**Why are deer so attracted to salt blocks? ** _
Matt Wermert, Grand Rapids, Mich.
_ Deer may visit salt blocks throughout the year but use them most frequently by far during the spring and summer. That’s when they commonly have a high intake of succulent browse with a high water content, and thus require more sodium. Lactation in females and antler development in males creates an additional sodium drain. The drive to obtain adequate levels at this time can be intense. In one study in West Virginia, we observed deer traveling up to 3 miles outside their normal range to visit a sodium source. The activity at this particular site peaked during the second half of July. Similarly, an Indiana study recorded deer moving well outside their normal home bases to visit salt licks. Interestingly, in that study, individual deer used the licks once every one to 12 days, averaging about once every three days. Most visits occurred one to two hours after sunset. Dependence on salt blocks tends to drop off during the fall, so even in states where hunting over salt is legal, it’s an unpromising tactic. You’d be better off concentrating on natural food sources.
I’m always reading about how important white and red oak acorns are in the whitetail’s diet, but there are no oaks where I live. Does this harm the deer herd? Should I look for beechnuts when hunting? _
Pete Pattavina, Watertown, N.Y.
_ Acorns are highly preferred as forage by deer in the fall, but I think that sometimes their importance is exaggerated. First, there are many regions of the country with few or no oak trees where deer still do quite well. Second, they are a high-energy, low-protein food-important for adding fat before winter, but contributing little to body growth. Third, their production is highly variable from one year to another, and even when abundant, acorns provide food for only a short time. Deer have to eat year-round. The grasses, forbs, vines, shrubs, fruits, and berries that make up the bulk of the diet are just as important.
Nevertheless, there are some areas of the country where acorn production is critical to the deer population. In the southern Appalachian Mountains where alternative fall and winter forages are very limited, as well as on some coastal islands, research has demonstrated that reproduction, fawn survival, body weights, and overall health are closely tied to the annual variation in mast production. Even antler development can be affected in the year following a mast failure. In these areas, providing an alternate source of nutrition such as food plots is good insurance against the periodic failure of oak trees to produce acorns, which occurs every three to four years.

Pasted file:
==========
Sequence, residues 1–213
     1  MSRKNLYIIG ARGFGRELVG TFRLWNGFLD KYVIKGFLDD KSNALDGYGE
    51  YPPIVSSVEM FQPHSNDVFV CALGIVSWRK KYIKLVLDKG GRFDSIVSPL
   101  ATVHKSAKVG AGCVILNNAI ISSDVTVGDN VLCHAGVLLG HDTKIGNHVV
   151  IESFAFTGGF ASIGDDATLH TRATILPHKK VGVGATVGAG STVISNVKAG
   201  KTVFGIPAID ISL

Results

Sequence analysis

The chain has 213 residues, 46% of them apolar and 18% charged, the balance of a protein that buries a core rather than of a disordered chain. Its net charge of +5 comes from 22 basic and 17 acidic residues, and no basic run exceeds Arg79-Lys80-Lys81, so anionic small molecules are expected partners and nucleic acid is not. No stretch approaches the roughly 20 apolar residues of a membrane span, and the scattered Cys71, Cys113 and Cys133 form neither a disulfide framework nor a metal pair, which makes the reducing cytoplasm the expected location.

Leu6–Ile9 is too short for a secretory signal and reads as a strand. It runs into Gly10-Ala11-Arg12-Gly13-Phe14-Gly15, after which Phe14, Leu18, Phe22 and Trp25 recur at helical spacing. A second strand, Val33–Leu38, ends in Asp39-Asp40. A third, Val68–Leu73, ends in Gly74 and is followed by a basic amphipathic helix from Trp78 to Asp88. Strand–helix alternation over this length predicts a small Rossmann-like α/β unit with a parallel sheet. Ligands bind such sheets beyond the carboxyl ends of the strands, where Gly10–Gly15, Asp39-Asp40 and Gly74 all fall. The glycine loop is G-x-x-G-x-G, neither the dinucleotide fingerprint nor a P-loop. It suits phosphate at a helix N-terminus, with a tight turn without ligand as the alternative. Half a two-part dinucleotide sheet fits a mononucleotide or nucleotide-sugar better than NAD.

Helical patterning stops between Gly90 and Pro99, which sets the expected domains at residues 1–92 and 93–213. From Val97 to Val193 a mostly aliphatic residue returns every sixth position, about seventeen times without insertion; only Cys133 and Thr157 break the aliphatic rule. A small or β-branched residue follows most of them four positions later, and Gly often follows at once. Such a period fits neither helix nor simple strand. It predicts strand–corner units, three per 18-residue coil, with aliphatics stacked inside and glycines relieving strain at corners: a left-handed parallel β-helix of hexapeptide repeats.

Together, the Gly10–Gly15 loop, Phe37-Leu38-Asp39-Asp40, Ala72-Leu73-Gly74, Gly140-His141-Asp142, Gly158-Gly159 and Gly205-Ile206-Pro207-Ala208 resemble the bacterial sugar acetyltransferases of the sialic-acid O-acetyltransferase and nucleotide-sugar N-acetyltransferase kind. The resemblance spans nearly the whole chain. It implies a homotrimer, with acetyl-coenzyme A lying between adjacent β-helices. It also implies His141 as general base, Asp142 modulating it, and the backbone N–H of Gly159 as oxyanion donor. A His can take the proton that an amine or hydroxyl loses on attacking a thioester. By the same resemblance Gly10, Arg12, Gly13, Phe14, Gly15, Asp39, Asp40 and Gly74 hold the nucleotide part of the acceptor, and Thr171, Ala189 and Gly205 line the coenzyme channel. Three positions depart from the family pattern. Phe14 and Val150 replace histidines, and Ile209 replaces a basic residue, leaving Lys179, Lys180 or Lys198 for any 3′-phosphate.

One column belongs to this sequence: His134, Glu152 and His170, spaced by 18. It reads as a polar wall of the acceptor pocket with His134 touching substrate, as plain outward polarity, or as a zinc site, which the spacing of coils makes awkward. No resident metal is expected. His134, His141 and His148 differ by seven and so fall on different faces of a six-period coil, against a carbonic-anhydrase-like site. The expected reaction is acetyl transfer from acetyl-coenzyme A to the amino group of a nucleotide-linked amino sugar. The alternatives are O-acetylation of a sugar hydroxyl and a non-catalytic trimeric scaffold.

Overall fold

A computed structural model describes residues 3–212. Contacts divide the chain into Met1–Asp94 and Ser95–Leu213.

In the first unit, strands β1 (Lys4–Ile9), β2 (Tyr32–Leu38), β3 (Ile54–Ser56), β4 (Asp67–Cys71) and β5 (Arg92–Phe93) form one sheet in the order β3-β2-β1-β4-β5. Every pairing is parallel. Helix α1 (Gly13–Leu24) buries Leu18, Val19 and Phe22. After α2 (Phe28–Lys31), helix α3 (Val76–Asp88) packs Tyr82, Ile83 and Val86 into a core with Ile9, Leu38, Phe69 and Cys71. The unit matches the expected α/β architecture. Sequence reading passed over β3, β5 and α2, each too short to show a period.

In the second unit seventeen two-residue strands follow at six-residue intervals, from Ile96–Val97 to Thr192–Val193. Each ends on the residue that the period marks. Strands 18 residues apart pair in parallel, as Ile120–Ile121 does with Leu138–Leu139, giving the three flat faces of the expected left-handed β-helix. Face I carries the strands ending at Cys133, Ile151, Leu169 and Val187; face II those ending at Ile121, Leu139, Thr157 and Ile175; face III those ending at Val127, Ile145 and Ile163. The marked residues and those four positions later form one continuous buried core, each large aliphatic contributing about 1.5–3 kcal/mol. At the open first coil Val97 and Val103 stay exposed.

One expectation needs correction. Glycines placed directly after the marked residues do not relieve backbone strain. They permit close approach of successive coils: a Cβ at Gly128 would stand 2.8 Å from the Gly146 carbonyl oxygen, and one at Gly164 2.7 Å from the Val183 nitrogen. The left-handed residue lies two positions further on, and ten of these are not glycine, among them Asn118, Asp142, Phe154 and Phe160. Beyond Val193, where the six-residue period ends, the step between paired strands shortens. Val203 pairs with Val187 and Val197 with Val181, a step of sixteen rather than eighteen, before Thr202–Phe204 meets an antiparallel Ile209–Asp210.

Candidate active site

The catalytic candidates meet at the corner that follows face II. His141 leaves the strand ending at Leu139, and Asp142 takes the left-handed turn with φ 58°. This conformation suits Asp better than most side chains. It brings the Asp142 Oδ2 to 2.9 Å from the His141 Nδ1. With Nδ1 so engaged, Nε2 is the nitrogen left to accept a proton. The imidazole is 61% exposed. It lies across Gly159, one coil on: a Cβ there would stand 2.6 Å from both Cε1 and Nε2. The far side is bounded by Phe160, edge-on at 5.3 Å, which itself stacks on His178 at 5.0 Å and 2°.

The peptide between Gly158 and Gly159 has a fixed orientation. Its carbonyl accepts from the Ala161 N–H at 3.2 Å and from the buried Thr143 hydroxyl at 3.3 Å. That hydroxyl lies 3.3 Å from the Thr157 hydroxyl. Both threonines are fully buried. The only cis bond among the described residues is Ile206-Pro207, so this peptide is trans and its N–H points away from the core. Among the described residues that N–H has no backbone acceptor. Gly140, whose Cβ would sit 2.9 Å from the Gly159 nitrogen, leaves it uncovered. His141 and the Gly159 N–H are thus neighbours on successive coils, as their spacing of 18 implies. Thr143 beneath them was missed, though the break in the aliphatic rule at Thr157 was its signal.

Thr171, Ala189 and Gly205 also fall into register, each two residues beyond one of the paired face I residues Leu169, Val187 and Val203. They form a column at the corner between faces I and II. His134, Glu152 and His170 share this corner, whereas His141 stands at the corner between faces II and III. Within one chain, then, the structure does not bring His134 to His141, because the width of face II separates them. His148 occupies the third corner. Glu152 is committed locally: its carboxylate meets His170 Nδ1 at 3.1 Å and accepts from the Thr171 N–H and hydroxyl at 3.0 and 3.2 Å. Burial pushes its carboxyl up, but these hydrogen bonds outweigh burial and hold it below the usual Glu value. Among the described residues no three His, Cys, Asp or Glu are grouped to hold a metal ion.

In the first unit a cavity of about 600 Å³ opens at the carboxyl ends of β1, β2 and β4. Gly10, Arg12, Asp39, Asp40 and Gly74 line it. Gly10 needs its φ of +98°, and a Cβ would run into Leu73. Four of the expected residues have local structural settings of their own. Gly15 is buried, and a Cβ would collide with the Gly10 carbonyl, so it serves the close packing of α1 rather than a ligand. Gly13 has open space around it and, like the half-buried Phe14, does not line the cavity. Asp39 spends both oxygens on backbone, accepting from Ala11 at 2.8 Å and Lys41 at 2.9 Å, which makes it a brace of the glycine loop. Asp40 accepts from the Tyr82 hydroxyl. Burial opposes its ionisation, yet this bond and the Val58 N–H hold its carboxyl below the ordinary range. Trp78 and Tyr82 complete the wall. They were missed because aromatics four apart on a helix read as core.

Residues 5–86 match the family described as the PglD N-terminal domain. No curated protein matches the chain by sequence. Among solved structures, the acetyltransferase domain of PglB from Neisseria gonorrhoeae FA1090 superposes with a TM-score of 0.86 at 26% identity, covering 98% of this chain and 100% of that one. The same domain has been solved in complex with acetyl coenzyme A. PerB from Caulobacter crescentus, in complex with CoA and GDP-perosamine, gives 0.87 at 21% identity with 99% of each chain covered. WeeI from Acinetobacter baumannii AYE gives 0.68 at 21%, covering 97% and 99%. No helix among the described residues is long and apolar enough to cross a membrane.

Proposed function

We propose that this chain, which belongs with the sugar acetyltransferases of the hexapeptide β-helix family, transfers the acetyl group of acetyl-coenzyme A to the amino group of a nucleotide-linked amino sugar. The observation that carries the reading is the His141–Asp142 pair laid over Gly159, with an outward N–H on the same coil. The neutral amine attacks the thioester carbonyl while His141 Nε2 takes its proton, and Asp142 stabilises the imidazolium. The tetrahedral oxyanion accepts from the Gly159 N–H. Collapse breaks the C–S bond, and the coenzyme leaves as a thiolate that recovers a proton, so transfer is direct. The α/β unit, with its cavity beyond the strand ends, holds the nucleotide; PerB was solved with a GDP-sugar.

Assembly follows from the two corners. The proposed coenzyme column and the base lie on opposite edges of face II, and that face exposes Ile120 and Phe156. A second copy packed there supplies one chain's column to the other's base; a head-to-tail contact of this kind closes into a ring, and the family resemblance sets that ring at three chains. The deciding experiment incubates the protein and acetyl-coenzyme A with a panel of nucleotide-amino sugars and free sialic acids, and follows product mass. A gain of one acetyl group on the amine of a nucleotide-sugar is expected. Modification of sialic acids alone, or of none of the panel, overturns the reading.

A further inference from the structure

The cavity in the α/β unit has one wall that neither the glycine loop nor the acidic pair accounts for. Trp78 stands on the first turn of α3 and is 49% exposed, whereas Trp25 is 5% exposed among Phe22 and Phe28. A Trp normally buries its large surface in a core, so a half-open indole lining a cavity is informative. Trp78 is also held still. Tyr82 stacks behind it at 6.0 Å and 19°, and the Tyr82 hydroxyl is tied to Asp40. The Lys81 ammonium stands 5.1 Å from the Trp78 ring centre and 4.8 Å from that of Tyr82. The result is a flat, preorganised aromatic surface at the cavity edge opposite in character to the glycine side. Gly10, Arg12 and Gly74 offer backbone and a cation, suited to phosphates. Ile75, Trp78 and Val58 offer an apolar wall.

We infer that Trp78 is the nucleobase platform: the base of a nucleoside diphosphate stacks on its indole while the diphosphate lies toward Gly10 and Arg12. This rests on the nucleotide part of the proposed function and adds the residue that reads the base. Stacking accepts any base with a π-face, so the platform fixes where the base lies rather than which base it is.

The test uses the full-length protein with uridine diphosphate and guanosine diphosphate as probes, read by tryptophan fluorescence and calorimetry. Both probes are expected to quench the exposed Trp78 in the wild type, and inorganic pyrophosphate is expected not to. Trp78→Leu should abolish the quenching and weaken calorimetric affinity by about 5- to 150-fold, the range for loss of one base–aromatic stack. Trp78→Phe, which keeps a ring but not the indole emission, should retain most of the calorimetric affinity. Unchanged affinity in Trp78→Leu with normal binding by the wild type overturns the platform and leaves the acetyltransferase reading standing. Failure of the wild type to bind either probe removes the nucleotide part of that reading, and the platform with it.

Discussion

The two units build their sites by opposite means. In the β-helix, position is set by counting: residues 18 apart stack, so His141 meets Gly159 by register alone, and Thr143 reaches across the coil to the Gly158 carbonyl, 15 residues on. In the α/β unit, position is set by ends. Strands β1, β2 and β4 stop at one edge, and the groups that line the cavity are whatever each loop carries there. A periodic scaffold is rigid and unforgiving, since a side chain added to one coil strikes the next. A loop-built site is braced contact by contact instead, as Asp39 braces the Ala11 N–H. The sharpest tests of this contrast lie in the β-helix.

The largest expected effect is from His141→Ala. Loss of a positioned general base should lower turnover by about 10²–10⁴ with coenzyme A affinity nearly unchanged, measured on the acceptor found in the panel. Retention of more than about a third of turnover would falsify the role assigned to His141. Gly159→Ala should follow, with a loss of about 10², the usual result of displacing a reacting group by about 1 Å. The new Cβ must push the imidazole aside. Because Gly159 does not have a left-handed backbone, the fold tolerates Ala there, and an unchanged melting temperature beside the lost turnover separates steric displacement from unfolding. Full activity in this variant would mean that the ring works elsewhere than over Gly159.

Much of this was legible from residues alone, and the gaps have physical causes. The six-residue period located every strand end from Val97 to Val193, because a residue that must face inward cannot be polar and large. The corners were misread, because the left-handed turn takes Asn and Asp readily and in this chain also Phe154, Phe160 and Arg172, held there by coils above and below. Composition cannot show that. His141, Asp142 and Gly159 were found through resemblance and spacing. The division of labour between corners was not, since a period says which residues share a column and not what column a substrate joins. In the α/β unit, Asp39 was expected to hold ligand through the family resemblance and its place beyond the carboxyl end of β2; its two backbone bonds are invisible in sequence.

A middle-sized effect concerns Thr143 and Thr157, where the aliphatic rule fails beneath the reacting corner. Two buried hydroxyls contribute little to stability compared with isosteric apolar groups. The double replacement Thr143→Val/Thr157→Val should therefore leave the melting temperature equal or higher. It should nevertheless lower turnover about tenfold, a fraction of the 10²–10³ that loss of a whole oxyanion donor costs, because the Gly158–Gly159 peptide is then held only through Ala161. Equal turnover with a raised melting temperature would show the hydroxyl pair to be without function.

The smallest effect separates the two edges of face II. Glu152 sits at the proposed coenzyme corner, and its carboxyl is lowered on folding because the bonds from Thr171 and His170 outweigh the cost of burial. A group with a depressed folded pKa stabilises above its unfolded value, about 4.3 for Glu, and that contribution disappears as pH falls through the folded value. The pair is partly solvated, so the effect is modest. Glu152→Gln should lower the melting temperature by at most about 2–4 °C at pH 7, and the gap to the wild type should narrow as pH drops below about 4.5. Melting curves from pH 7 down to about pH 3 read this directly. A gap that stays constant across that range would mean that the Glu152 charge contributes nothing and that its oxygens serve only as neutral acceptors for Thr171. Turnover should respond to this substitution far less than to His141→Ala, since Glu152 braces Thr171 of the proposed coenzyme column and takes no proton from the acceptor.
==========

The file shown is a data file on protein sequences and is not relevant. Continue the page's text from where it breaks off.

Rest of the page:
Beechnuts are also sought after, but deer, turkeys, bears, squirrels, and myriad other wildlife quickly consume them. They are only available for a short time. Crops of these nuts vary even more than acorns do, so when you see that beechnuts are present, count it as a blessing and hunt those areas.
**I’ve noticed that in the same field, some of the deer feces are in scattered pellets, while others are large clumps. Why would deer eating the exact same food have different types of pellets? ** _
Sam Lyon, Charleston, W.Va.
_ Typically, the types of foods that deer are eating determines the consistency of the droppings. When they are foraging on coarse vegetation with a high fiber content such as leaves and browse, their pellets will usually be well formed and scattered about. However, when their diet is composed of more succulent vegetation or fruits and acorns, the pellets may form a looser mass that falls as a clump of poorly shaped pellets. Factors other than diet, such as high parasite loads, disease, stress, and perhaps individual variation, can also result in irregular pellets. You can’t readily determine sex or age by the shaape of scat.
Dr. Karl V. Miller is a professor of wildlife ecology and management at the University of Georgia’s D.B. Warnell School of Forest Resources and one of the country’s foremost whitetail experts.
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